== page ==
September 1, 2008

The Cost of Knowledge

I recently received a question from a reader about one of my articles concerning disclosure of expenses to participants. I thought you might like to see his question and my answer. Taken together, they provide a good overview of some of the most important issues about fee disclosures to participants.

The reader wrote: I have been following the fee and expense disclosure issues closely for some time now. In one of your articles, you talk of the libertarian and paternalistic views, but you don't explain any compromise between the two. I fully agree with the necessity of fee reporting to the DOL through the 5500 Schedule C, as well as disclosures to the fiduciaries by the providers. What I am struggling to understand is the necessity to disclose in such detail the fees and expenses for individual participants. Please don't misunderstand; I believe the information should be available, if the participant should want to have that much detail, but do you believe the yearly reporting to the participants should be mandatory? I understand your idea "forewarned is forearmed," but do you think that much detail could be overwhelming to the majority of participants if sent out unsolicited on a yearly basis? Working on the provider side, I can only imagine some of the recordkeeping dilemmas as well as software issues that will arise if the yearly reporting to the participants becomes mandatory.

My response focuses primarily on two issues. The first is that there is a way to disclose that is both meaningful and understandable. The second is that there is no "universal" participant; that is, the 401(k) world is made up of participants of all sizes and shapes.

My belief is that participants should, on an annual basis, be given the total costs that are charged to them by the plan and its investments, expressed as a dollar amount. For example, my understanding is that, for a participant with a $50,000 account balance, the cost is usually somewhere between $550 and $750, depending on the expense structure of the plan and the investments. I believe that, if participants were given that information, together with an explanation of why those costs were charged, they would be much better informed and would be able to ask important questions about the investments and the plan.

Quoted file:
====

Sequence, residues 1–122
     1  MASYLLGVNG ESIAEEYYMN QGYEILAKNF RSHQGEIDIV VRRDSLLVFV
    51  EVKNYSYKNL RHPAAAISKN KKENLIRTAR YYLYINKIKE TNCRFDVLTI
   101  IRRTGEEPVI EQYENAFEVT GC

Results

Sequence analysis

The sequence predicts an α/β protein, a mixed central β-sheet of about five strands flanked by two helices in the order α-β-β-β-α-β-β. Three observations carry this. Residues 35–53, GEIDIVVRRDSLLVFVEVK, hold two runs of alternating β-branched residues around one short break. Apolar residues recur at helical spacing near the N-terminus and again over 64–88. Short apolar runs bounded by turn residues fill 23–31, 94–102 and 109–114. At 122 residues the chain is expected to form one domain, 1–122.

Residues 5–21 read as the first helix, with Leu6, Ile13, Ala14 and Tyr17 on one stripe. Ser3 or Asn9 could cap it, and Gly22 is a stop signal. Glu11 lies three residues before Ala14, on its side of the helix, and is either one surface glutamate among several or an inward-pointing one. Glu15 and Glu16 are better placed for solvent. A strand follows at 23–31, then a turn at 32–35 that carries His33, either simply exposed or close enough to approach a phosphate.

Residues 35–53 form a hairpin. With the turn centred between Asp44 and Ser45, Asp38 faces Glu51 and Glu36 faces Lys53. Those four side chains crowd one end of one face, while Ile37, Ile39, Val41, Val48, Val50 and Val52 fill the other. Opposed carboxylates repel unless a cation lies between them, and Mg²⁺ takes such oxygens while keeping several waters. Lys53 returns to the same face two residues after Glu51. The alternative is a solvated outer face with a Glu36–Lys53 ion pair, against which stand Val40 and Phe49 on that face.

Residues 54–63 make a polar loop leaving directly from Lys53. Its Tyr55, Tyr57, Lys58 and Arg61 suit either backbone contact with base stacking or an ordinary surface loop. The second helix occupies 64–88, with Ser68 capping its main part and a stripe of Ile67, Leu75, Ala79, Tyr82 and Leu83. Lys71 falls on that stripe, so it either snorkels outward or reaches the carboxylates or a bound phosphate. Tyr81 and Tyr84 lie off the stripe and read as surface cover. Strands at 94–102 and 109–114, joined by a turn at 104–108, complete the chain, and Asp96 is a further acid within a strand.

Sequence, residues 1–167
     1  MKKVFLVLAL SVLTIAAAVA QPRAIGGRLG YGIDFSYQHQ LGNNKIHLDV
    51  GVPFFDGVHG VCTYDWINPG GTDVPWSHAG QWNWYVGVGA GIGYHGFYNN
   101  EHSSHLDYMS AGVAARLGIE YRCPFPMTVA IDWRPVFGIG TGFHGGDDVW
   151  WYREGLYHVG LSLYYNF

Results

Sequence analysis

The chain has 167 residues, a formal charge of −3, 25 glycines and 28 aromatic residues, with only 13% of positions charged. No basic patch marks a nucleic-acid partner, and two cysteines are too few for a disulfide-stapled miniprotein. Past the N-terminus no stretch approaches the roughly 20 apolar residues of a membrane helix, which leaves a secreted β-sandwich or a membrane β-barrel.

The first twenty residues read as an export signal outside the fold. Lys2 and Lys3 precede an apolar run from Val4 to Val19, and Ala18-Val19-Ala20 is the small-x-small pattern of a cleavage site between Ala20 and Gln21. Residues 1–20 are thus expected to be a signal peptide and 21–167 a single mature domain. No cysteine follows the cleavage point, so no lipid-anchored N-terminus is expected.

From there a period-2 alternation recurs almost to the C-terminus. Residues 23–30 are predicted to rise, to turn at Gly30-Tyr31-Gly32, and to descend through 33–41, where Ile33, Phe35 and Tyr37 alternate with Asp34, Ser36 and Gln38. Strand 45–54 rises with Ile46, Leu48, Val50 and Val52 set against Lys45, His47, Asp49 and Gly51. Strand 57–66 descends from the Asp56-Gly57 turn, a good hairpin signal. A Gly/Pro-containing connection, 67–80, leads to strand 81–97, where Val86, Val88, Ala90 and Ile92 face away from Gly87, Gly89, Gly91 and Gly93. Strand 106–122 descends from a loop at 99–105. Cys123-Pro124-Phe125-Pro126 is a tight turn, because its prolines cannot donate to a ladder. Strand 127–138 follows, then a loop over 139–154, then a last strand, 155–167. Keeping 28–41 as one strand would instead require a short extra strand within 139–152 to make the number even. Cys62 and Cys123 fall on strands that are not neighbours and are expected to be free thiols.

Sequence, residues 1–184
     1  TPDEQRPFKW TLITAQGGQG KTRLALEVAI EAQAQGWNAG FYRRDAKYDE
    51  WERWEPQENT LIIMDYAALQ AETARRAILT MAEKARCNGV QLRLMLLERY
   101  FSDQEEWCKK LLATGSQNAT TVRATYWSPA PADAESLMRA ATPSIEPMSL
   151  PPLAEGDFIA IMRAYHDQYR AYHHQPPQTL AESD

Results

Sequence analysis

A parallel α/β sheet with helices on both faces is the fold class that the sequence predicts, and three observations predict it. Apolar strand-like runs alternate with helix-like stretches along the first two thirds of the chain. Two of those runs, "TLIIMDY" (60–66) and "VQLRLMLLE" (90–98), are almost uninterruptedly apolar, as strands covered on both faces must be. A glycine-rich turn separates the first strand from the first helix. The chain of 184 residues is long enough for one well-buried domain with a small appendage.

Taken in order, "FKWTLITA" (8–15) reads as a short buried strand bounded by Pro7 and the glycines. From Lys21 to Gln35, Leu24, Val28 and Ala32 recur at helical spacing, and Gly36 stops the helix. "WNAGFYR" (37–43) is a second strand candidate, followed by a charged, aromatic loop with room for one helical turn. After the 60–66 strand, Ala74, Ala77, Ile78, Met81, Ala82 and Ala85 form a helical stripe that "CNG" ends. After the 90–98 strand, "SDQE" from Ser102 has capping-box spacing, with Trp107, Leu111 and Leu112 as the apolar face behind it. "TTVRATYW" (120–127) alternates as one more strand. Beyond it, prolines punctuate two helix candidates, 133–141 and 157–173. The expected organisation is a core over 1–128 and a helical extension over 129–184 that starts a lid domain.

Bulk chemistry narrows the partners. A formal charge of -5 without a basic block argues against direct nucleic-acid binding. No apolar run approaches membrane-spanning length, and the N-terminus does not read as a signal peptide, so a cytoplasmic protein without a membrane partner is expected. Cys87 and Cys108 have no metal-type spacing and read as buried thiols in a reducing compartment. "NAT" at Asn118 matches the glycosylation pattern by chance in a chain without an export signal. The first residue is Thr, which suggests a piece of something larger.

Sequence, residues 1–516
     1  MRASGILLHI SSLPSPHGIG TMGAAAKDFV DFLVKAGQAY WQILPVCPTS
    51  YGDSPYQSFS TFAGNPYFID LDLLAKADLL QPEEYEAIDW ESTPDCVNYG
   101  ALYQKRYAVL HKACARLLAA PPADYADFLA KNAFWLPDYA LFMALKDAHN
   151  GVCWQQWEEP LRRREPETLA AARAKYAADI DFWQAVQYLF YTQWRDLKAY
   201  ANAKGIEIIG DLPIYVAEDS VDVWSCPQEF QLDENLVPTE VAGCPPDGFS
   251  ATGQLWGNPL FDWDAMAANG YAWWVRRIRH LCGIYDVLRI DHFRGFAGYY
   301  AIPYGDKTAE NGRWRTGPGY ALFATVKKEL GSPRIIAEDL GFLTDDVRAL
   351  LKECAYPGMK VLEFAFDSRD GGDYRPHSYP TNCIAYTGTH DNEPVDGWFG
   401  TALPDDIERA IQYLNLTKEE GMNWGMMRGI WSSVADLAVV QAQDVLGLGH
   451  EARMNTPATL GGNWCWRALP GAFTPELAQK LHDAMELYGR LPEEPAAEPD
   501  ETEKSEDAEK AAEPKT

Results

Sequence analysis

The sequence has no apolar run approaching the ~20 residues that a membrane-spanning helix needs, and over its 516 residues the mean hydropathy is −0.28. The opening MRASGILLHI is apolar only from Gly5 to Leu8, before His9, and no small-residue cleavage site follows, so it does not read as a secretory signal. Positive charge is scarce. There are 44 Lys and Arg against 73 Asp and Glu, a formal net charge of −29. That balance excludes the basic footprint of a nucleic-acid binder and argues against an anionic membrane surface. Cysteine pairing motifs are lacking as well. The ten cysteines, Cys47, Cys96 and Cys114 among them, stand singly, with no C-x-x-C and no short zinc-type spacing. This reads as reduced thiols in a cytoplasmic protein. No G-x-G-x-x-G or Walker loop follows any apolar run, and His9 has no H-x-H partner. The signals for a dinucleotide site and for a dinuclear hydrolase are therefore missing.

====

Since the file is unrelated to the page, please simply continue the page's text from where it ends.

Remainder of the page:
While many in the 401(k) industry have an image of partic­ipants as being easily confused and unsophisticated, I challenge that assumption. I believe that many people who are partic­ipants in 401(k) plans are very knowledgeable.

Furthermore, I believe that, for the 401(k) system to work, we need to ­educate partic­ipants on these issues. From a practical perspective, I believe that the next step will probably be to provide the most ­important information directly to the participants, and then to give them access to the balance of the information through, e.g., the Web site.

One of my concerns that the article is intended to express is that the 401(k) industry is, in some ways, being inconsistent in its approach. That is, the industry by and large supports the ­concepts that participants should fund their own benefits through deferrals and should make investment decisions in an intelligent way. In other words, in taking those positions, the 401(k) industry effectively assumes that participants are ­sophisticated, self-motivated, and capable. On the other hand, when it comes to disclosures about fees, expenses, and other infor­mation, the 401(k) industry seems to take the opposite tack. That is, the industry seems to base its conclusions on the notion that partic­ipants are passive, easily confused, and ­generally unable to make intelligent, informed decisions. While I am not asserting that one view is more correct than the other (even though I have my opinion), people need to have a consistent view and base their opinions and conclusions on that view.

As the discussion suggests, there is no easy answer. Instead, the system needs to be flexible enough to fulfill the needs of a wide range of participants. After all, the 401(k) accounts belong to participants, and not to employers or providers.

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